Temperature screening for COVID-19 with infrared thermal cameras, or scanners, is increasingly present in hospitals, airports and office buildings. The technology is no-contact, typically with a thermal camera focused on the inner eye to take a reading.
A visual or audible alarm usually notifies building staff when somebody entering the facility has a high reading. Follow-up temperature testing often follows, which can result in denial of entry.
Even though the technology is generally deemed reliable in reading temperatures efficiently for busy locations, it doesn’t diagnose the presence of COVID-19 on its own. As a result, some critics worry it could give the general public a false sense of health safety when entering a building. For small businesses, the technology can be expensive, starting at $20,000 in some cases.
“Heat detectors are just a tool that may help,” said Leonard Lee, a technology analyst at NeXt Curve. “There should be a much more holistic surveillance and containment strategy.”
“My biggest concern is the false sense of safety,” Lee added. “That is a big gap. Some people visiting a venue will say, ‘Screw social distancing—these guys are using fever scanners. This venue must be safe.’ That’s wrong. A massive spread event could ensue.”
More than 50 companies are offering thermal imaging screening according to one count from MoviTHERM, a developer in the segment. “Demand is being driven by every organization’s desire to put something in place to make people feel comfortable as they go back to work,” said MoviTHERM CEO Markus Tarin in May.
Memorial Hermann-Texas Medical Center and UTHealth in Houston deployed thermal cameras for quick temperature screening in May and in early August defended its use in screening thousands of visitors a day.
“Temperature and symptom screening are best practices recommended for healthcare settings by national and international guidelines, along with federal, state and local public health and regulatory agencies,” said Dr. Luis Ostrosky, infectious disease expert at the center, in an email to Fierce Electronics.
“Even if the yield of screen positives is relatively low, it assures no one with fever will come in and expose staff and patients,” he added. “We are a high-reliability organization and we felt that this high-throughput, ubiquitous method was our best solution.”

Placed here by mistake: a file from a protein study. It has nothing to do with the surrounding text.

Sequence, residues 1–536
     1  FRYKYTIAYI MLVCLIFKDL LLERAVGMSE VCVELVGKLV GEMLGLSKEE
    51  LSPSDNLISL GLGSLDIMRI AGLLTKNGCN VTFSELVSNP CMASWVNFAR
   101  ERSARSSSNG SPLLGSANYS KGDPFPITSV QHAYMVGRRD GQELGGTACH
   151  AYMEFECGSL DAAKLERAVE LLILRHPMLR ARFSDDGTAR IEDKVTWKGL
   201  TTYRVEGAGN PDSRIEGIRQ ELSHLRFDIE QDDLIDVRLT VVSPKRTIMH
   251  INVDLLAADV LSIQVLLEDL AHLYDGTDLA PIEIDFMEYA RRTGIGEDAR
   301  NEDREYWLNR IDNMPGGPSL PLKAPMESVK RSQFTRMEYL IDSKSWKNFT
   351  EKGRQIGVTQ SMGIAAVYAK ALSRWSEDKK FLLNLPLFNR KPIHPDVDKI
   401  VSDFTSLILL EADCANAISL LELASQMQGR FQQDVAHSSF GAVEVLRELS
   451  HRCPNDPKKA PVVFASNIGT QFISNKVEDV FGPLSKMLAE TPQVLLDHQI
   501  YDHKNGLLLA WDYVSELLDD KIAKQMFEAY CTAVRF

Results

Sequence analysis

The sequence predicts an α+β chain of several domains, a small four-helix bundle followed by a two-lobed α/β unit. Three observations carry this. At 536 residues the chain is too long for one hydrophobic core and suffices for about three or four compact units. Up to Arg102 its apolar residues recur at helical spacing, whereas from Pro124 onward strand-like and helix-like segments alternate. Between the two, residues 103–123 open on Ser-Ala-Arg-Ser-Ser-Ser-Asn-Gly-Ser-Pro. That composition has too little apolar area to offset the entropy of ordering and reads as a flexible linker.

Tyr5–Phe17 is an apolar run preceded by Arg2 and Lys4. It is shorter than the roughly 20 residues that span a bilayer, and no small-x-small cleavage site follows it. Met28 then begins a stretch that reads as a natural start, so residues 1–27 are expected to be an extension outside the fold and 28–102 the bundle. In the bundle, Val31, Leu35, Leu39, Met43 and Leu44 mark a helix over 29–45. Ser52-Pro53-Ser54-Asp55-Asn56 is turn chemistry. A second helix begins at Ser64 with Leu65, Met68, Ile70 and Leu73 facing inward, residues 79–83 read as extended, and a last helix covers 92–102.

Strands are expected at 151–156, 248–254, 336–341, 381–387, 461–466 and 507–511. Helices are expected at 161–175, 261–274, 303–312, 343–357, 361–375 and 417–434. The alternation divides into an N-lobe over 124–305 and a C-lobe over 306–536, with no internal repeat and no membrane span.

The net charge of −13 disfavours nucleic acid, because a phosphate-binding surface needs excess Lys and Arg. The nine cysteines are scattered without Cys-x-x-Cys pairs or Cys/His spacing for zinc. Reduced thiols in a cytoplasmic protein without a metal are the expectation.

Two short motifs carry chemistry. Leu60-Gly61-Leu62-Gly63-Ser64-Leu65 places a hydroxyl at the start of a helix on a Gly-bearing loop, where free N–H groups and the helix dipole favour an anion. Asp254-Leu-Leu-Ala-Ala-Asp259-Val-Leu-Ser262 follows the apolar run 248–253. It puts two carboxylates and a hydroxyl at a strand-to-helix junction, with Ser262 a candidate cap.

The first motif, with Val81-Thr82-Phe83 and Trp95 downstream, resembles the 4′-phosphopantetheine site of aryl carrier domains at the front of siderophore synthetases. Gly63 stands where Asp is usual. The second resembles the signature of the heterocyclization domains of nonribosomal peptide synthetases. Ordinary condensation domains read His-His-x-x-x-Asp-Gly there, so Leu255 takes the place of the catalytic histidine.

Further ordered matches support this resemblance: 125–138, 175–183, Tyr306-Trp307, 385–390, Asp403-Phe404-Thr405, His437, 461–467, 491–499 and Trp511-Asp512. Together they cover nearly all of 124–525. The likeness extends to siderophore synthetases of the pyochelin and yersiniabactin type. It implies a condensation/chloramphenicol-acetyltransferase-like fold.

Ostrosky said he would recommend the temperature screening technology the hospital chose from Athena Security to managers of other facilities where many people arrive every day. “High throughput temperature screening with this technology is ubiquitous and unobstructive and by far the best solution we tried to comply with this best practice,” he added.
Athena has posted an online report with hospital staff discussing the value of the technology, including its ability to reduce clogs in lines of people at entrances who had previously been required to get temperatures screened one by one with handheld devices, sometimes resulting in contact.
Another Athena customer, Propeller Airports, sees the temperature scanning as a way to help travelers feel more comfortable as they to return to flying. “We are trying to provide the safest environment that we can for our passengers,” said CEO Brett Smith in the same video. “We believe that one of the lines of defense is to see if people have a temperature.”
However, the FDA warns: “Non-contact temp assessment devices are not effective if used as the only means of detecting a COVID-19 infection.” More significantly to epidemiologists, the FDA also notes, “An infected person may be contagious without an elevated temperature or other easily detectable symptoms.”
Adults typically have a fever if their body temperature increases to 100.4 degrees F (38 degrees C) Athena has configured its detection system to a 99.5 degree F alarm threshold, with the ability to scan more than 2,000 people per hour when they are scanned in a single file line six feet apart.
On its website, Athena is clear that the scan showing a high temperature should be confirmed by a second thermometer. “Athena is best utilized as the first in a two-checkpoint system, where an elevated temperature that could be a fever is then confirmed by a second FDA-approved medical thermometer,” the company says.
Athena also notes, “Elevated human body temperature is not a marker of viral infection and jut a possible symptom where additional medical advice should be sought.” People arriving from the cold outside or people who may have recently been running could register false readings as well.
“Temperature screening is part of a holistic approach by clients of Athena Security in lieu of a vaccine being widely deployed,” said Athena CEO Lisa Falzone in an email to Fierce Electronics. “Companies are using every valid technique at their disposal to protect the people walking into their buildings.” The Athena system starts at $19,500, which can increase depending on options.
Even so, concern remains about the general impression created by temperature screening in public venues. “Temperature screening is not a great tool for establishing control of the pandemic spread,” analyst Lee said. “If it were, it would be a public health requirement globally."
"By the time these fever sensing systems detect a potential symptomatic carrier, the virus has probably already spread to dozens of people," Lee added. "These systems can be a distraction from effective measures…Most businesses don’t have the money to spend on expensive systems that don’t help.”